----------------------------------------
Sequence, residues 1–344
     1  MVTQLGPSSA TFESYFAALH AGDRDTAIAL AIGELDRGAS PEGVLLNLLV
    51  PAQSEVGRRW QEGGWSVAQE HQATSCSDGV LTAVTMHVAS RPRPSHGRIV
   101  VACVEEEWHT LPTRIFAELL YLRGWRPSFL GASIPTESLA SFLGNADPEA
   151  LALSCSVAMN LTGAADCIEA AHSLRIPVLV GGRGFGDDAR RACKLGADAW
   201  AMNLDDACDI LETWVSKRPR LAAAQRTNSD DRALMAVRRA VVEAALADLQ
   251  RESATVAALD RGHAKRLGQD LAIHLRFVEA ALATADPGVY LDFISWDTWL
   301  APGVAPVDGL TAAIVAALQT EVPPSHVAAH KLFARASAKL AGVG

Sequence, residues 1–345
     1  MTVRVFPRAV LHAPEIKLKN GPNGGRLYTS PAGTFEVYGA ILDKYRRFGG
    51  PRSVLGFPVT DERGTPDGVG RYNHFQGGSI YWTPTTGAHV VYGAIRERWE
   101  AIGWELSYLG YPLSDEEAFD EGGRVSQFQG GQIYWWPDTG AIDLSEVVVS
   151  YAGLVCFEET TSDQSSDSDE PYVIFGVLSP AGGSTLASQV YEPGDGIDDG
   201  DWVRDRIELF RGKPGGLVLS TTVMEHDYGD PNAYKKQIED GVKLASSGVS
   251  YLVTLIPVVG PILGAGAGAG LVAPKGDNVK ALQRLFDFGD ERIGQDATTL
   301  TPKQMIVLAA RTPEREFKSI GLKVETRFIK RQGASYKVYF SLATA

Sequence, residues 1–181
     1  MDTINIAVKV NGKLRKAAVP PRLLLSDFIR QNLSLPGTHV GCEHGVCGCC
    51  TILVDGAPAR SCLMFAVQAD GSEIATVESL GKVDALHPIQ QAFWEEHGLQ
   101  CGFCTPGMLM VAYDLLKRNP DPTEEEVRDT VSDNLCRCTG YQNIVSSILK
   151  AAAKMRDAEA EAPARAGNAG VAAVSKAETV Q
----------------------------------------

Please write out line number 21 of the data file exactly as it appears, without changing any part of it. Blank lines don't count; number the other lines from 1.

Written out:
   151  AAAKMRDAEA EAPARAGNAG VAAVSKAETV Q